UV TerminologyFig. 1 The Ultraviolet Spectrum
UV Radiation from Oriel® Lamp Sources
Our deuterium and arc lamp sources, spectral calibration lamps, Solar Simulators and Flood Exposure Sources produce UV with wavelengths down to 180 nm and below, depending on the lamp and the envelope material of the lamp (the optics on the lamp housing may block the shorter UV wavelengths). Our Quartz Tungsten Halogen Sources emit some radiation down to 220 nm. The UV intensity levels from some of these sources may be higher than those from the sun, and shorter wavelengths may be present. Carefully read this discussion as well as the Safety Instructions that are included with every UV source we ship, before operating the source.
Exposure to UV radiation, even for short periods of time, can be hazardous. The damage depends upon the exposure time, the intensity of the radiation, the wavelength, and the individual's sensitivity to UV. Since we cannot sense (see) UV radiation, we are not protected by any aversion or blink response.
UVB and UVC cause sunburn (erythema) and pigmentation (tanning). Long-term exposure results in loss of skin elasticity (premature aging). There is a well established connection between wavelengths below 320 nm and skin cancer (basal cell and squamous cell carcinoma) and growing concern over possible longer wavelength involvement. Action spectra for carcinogenesis peak at ~ 290 nm.
Corneal absorption of UVB and UVC may cause conjunctivitis and a corneal inflammation called photo keratitis. Initial symptoms of photo keratitis are: slight discomfort, which, after prolonged exposure, can develop into a temporary yet severe discomfort, an inability to look at bright light, and the loss of clear vision. Conjunctivitis (welder's eye) produces an uncomfortable sensation, similar to sand in the eye. Our innocuous pencil style mercury calibration lamps can cause this problem.Fig. 2 Threshold Limit Values for occupational exposure to ultraviolet radiation in an 8 hour period. These values for exposure of the eye or the skin apply to UV radiation from arcs, gas and vapor discharges, fluorescent and incandescent sources, and solar radiation, but they do not apply to UV lasers. (ACGIH ISBN: 0-9367-12-99-6)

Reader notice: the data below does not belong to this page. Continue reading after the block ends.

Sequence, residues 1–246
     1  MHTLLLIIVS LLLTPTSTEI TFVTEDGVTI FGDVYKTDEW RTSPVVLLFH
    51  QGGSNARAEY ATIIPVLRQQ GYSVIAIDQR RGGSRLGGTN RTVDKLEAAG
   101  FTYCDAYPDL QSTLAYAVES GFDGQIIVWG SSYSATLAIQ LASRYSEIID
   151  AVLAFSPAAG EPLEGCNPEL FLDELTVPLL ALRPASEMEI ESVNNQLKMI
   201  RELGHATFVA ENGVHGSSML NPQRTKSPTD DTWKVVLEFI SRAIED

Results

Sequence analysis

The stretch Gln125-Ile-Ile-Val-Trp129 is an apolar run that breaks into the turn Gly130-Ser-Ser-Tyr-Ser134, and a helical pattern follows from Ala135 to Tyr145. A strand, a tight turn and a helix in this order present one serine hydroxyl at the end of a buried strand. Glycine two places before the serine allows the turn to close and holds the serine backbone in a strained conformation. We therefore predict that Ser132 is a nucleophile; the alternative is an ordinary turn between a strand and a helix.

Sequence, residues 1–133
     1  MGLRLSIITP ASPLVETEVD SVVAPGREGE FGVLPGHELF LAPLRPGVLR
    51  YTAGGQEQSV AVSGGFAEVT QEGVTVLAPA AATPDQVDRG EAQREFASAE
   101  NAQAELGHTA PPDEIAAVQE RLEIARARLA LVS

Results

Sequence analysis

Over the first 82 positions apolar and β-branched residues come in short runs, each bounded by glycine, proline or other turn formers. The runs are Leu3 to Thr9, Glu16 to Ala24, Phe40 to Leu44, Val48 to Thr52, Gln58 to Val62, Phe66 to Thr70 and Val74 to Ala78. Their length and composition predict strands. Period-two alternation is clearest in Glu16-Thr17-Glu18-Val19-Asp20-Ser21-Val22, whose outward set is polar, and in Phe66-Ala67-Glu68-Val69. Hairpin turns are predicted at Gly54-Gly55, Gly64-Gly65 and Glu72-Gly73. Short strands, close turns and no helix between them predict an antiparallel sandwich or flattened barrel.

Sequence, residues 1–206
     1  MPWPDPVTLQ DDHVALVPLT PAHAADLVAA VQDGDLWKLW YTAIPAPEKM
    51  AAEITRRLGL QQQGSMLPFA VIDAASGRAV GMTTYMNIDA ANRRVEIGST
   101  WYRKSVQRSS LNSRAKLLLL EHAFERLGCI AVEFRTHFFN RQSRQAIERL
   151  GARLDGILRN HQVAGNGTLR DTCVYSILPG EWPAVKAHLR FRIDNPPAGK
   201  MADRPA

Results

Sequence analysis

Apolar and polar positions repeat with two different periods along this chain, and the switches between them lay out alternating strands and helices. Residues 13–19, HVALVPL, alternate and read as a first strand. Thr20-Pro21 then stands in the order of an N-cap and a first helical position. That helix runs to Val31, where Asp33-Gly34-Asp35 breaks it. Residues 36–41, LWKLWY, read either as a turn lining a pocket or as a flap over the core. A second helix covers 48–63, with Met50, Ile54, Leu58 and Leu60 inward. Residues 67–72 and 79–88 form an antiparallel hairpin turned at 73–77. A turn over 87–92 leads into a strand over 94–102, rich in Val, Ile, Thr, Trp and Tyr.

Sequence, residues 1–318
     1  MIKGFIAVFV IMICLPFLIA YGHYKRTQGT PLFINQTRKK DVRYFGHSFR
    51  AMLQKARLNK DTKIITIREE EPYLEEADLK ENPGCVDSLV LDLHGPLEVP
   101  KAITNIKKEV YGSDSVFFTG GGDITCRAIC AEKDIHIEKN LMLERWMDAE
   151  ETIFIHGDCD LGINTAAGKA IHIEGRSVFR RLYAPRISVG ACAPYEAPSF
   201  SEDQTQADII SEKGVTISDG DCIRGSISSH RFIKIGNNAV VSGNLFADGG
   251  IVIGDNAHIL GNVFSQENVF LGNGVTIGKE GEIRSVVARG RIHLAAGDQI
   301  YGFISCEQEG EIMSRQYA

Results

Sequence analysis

Prolonged exposure to longer ultraviolet radiation, particularly UVA, may cause cataracts to form in the eye lens. Longer wave UVA may also penetrate to the retina and result in blue blindness.
UV Safety Precautions
The simplest thing to do if you don't need the ultraviolet is to get rid of it at the source. Use a lens or filter to accomplish this. If you require the UV then there are several precautions you should take to minimize exposure and reduce the hazards.
- Limit access to areas where UV sources are used
- Post warning signs at the entrance to labs or other work areas using UV sources
- Wear protective eyewear and gloves
- Cover arms and neck and limit exposure time
- Never look directly at the beam
- Use a manual or electronic shutter to close the beam when the source is not in use
- Use enclosed beam paths where possible
The U.S. National Institute for Occupational Safety and Health (NIOSH) recommends that exposure to UV energy be controlled and limited in the work place. Recommended maximum exposures are available, but these do not apply to photosensitive individuals or those exposed to photosensitizers.
The total intensity from 320 to 400 nm hitting an unprotected eye should not exceed 10 W m-2 for periods longer than 1000 seconds. For shorter exposure times, the energy density should not exceed 104 J m-2.